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About this book
I See the Promised Land
Arthur Flowers • Manu Chitrakar
African American writer, griot and blues singer Arthur Flowers and Indian scroll painter Manu Chitrakar combine their very distinctive storytelling traditions in an extraordinary jam session, creating this stunning graphic narrative-style biography of Martin Luther King Jr.
The engaging text describes the apartheid South in Martin Luther King’s time, which in many ways was not very different from the early days of slavery. Included are descriptions of the Montgomery Bus Boycott; the formation of civil rights groups; mass movements against segregation, such as the Albany Movement and the Children’s Crusade in Birmingham, after which King became black America’s acknowledged leader; and the influence on King of Gandhi, with his nonviolent approach to resistance. We are told about King’s personal struggles as well as the political challenges he faced with the rise of Malcolm X and Black Power. Flowers’ text concludes with a brief look at his legacy.
Arthur Flowers tells a masterful story in musical prose, based on griot oral storytelling traditions, bringing his own perspective to the events he describes, while Manu Chitrakar carries the tale into the vivid idiom of Patua art, turning King’s historic journey into a truly universal legacy.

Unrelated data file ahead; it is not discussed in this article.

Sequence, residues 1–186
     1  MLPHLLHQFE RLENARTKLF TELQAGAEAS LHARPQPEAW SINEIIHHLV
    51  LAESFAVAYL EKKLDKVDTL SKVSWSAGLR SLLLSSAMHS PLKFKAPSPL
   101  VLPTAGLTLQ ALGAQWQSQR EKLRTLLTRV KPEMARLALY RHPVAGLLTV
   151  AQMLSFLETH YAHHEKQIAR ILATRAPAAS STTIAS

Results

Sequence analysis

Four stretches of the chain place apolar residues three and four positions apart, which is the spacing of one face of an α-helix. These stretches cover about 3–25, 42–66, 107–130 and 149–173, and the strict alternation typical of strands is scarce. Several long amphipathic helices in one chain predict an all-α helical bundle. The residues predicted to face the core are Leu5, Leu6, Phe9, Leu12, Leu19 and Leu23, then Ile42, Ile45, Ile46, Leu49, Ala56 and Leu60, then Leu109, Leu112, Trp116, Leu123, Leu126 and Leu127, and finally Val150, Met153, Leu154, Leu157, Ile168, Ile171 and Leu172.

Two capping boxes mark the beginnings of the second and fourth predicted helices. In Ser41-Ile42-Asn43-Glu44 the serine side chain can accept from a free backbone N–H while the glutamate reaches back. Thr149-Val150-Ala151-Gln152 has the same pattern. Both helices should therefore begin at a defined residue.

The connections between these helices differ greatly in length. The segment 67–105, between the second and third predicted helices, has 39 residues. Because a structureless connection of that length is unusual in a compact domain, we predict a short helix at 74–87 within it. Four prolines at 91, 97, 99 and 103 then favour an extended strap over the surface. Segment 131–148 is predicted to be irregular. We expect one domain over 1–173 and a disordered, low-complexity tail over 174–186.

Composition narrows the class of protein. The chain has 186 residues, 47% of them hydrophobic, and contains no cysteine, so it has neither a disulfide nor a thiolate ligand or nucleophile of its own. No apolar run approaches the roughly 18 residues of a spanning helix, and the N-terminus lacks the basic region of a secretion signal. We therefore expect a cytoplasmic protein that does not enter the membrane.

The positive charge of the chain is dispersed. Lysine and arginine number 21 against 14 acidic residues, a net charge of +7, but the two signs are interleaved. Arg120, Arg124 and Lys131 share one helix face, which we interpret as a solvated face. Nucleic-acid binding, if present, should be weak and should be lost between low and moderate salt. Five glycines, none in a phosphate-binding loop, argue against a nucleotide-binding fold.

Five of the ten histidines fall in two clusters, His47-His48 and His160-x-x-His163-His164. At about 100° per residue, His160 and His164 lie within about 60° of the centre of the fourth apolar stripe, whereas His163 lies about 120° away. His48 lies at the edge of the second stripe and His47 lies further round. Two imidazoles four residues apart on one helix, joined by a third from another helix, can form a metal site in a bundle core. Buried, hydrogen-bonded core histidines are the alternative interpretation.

Includes editorial notes, a description of how this extraordinary cross-cultural book came to be, and a note on Patua art.
About the Creators
Arthur Flowers teaches at Syracuse University in the English Department's MFA program in Creative Writing. A native of Memphis, he has been Executive Director of the Harlem Writers Guild and co-founder of the New Renaissance Writers Guild and the Pan African Literary Forum. He is a blues-based performance poet who considers himself literary heir to both the Western written tradition and the African oral one. He lives in Syracuse, New York.
Manu Chitrakar began painting when he was twelve years old. As a Patua scroll artist who sings and paints, he is part of a living art and performance tradition that is as open to contemporary news stories and politics as it is to ancient legend and myth. He was so inspired when he heard the story of Martin Luther King and the civil rights movement that he wanted to render it in his own artistic tradition. He lives and works in Naya Village in Bengal, India.